Mass movement against racism sweeps the U.S.

By Keely Mullen, Socialist Alternative (our sister organisation in the US)

At 8:25 pm on May 25 George Floyd stopped breathing. Moments later his pulse stopped. It was two minutes before Minneapolis Police Officer Derek Chauvin removed his knee from Floyd’s neck. Less than an hour later, he was pronounced dead.

On the day of George Floyd’s death, we had been on lockdown for more than two and a half months. Millions of Americans had lost loved ones to COVID-19, and were forced in many cases to grieve in complete isolation. Tens of millions had lost their jobs and many more lost hours or pay. June rent was fast approaching and again families were weighing up if they could pay rent and buy groceries, or if one would have to go. 

All of this has disproportionately affected the black working class. Black people are three times as likely to get COVID-19 compared to white people. Millions of black workers have been either furloughed or laid off and the unemployment rate for black people is the highest of any demographic.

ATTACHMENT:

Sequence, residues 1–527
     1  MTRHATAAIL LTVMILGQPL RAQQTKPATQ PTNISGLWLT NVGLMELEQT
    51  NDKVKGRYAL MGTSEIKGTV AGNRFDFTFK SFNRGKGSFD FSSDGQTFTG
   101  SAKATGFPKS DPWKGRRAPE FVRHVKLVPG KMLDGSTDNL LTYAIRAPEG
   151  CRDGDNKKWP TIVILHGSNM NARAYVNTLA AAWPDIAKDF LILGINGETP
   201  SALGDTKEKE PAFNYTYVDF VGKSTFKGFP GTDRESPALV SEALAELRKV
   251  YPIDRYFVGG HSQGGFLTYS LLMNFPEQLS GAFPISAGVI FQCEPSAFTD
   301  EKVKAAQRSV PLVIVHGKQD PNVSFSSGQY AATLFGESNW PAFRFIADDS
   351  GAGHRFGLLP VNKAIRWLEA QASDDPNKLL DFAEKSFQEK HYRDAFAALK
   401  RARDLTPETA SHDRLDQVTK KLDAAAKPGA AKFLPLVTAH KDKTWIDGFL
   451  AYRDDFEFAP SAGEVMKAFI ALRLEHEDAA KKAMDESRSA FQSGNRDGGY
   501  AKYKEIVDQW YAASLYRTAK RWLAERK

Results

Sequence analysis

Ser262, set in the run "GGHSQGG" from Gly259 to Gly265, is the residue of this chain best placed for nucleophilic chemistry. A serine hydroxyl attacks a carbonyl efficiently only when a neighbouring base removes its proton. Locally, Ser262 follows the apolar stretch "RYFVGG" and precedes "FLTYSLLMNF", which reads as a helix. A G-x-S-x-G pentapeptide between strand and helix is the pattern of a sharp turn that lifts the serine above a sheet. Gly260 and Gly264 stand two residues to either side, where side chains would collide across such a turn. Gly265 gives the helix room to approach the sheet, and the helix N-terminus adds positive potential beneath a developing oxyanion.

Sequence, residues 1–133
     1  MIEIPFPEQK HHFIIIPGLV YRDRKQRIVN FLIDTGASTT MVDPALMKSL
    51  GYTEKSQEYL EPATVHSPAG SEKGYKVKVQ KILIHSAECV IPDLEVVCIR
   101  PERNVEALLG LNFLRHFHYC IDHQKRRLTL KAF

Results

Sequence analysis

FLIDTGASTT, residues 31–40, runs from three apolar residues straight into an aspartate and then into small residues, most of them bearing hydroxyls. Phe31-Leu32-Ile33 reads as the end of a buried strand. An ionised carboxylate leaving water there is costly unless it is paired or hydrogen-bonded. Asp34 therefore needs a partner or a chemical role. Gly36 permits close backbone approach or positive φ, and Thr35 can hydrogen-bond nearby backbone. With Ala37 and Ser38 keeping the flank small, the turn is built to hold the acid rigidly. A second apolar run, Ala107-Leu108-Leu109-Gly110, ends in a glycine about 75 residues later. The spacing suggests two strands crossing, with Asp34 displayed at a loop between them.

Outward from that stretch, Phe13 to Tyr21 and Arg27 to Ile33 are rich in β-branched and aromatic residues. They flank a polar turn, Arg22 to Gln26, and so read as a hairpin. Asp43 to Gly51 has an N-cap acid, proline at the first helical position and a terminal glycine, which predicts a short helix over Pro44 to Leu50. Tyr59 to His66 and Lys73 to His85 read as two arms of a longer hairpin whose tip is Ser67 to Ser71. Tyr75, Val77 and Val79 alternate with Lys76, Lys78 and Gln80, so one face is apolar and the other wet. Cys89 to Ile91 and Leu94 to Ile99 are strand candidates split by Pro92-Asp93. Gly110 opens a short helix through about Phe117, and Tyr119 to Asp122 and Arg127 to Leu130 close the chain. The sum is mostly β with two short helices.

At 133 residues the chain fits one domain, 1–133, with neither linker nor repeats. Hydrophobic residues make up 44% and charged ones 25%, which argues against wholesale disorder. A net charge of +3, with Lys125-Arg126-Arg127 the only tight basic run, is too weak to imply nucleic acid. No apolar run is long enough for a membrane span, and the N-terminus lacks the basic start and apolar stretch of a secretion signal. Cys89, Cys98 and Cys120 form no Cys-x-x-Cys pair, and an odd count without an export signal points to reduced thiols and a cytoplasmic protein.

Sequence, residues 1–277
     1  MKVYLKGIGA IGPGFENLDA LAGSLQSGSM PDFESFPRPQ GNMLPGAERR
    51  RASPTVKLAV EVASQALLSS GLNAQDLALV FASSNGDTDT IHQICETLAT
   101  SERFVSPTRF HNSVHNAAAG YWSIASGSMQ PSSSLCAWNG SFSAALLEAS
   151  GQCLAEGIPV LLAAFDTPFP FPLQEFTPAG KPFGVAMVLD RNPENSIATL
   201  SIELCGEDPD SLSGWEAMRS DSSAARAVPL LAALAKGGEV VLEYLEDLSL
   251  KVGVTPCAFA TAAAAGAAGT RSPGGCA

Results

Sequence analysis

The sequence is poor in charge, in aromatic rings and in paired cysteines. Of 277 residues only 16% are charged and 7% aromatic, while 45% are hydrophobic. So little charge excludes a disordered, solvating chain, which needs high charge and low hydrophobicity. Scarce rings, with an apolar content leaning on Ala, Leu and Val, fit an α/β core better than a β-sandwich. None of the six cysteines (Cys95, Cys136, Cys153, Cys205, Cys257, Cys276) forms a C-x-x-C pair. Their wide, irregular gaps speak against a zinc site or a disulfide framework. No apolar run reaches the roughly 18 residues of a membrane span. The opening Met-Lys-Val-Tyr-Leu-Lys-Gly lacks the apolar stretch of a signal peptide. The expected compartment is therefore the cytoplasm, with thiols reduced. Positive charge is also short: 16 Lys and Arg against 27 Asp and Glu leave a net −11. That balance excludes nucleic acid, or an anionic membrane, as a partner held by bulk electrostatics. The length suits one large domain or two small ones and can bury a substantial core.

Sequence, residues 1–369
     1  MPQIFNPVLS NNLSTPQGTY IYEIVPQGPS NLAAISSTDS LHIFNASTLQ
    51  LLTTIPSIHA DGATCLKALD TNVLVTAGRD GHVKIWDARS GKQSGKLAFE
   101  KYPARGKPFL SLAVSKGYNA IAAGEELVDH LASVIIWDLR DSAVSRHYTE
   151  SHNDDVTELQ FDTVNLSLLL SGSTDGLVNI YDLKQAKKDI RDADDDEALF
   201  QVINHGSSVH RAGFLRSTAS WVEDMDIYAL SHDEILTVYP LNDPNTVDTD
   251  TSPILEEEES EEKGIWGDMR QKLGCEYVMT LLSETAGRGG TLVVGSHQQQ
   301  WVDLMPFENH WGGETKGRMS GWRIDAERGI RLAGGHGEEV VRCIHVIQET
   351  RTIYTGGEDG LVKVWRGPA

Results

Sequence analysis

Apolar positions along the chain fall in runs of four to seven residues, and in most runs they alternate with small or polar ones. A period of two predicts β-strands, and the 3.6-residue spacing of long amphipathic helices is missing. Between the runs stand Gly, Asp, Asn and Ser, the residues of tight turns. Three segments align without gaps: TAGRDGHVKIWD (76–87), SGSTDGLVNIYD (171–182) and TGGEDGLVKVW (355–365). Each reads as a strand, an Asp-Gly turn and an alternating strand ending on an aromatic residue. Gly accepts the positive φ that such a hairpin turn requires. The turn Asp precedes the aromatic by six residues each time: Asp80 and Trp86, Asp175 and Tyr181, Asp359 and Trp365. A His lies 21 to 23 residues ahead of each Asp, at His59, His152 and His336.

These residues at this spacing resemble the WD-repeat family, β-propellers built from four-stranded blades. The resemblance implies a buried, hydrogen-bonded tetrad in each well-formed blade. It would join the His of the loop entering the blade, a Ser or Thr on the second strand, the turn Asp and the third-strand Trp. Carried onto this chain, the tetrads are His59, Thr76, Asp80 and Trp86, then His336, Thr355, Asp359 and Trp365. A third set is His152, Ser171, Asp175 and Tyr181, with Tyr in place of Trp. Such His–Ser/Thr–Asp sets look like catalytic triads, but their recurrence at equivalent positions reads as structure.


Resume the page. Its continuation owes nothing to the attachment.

It is in this context, a system in complete freefall, that the death of George Floyd ignited the most extensive protest movement in the U.S. in 50 years.


Beginning in Minneapolis the night George Floyd was murdered, mass protests and occupations have overtaken the U.S. This marks a new and far more developed phase in the Black Lives Matter movement.

There have been demonstrations in every single state, with more demonstrations overall than the Women’s Marches in January 2017 which totaled more than 650. Far from being limited to big cities or Northern states, there have been over 100 protests across the Southern U.S. This has culminated in mass demonstrations on Saturday with hundreds of thousands in the streets of Washington DC and hundreds of thousands in cities across the country.

These protests are buzzing with energetic rage. They have been led mostly by black youth, but the crowds are notably multi racial. Young people of all races see this fight as theirs as well. Tens of thousands of mostly young people have been out in city after city with a simple overarching demand: no more police killings of innocent black people and an end to racist police brutality generally! 

Unlike during the Black Lives Matter movement of 2014-2015, this movement has taken on the character of an all out rebellion and occupation in a series of cities. 

In Minneapolis, protesters have turned the spot of George Floyd’s death into the headquarters for the movement. There is now a permanent encampment of the entire block surrounding the site of George Floyd’s murder.